Documents

Effect of soaking on phase composition and topography and surface microstructure

Description
Description:
Categories
Published
of 9
All materials on our website are shared by users. If you have any questions about copyright issues, please report us to resolve them. We are always happy to assist you.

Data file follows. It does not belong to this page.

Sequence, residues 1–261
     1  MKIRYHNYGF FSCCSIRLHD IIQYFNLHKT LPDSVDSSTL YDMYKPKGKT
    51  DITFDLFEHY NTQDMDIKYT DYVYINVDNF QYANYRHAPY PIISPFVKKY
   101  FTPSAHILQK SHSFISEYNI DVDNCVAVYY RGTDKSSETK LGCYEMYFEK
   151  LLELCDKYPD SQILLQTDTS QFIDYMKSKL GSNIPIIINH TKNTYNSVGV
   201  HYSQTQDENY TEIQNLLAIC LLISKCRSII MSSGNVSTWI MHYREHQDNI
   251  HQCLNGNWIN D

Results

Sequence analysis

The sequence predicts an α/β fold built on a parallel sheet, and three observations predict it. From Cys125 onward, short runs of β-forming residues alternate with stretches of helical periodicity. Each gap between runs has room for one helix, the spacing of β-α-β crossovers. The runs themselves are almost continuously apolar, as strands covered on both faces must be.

Share
Transcript